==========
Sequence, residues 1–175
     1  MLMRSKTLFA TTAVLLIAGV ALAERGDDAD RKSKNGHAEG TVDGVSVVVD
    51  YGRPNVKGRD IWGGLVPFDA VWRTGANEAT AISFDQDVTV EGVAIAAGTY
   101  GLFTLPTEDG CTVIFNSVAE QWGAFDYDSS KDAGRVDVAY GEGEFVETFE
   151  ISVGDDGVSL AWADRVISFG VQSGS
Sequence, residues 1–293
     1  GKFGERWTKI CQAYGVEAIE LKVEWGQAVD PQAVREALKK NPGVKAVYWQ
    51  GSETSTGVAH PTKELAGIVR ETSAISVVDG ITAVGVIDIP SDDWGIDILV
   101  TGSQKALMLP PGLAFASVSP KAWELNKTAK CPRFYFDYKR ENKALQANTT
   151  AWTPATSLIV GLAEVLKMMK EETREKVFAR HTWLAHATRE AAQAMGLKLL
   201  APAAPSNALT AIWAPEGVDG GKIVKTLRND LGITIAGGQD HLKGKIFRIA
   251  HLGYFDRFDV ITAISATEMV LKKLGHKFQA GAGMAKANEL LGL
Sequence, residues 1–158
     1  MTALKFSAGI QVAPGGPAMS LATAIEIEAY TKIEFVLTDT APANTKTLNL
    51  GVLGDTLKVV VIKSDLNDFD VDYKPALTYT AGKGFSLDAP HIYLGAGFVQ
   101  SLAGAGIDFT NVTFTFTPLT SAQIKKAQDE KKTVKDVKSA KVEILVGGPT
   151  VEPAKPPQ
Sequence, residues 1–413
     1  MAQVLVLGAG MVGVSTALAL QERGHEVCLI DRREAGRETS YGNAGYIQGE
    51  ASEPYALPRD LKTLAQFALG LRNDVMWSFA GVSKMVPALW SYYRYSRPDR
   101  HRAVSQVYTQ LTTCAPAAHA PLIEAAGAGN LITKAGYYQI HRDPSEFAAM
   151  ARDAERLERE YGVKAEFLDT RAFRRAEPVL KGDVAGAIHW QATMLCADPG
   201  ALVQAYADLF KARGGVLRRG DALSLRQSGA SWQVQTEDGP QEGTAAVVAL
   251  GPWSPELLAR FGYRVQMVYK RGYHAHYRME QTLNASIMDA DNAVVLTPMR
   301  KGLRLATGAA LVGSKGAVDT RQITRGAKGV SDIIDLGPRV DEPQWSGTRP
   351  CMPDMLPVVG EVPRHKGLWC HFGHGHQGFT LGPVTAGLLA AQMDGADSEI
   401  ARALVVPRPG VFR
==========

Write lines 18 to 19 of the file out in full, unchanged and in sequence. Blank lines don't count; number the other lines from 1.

Sequence, residues 1–413
     1  MAQVLVLGAG MVGVSTALAL QERGHEVCLI DRREAGRETS YGNAGYIQGE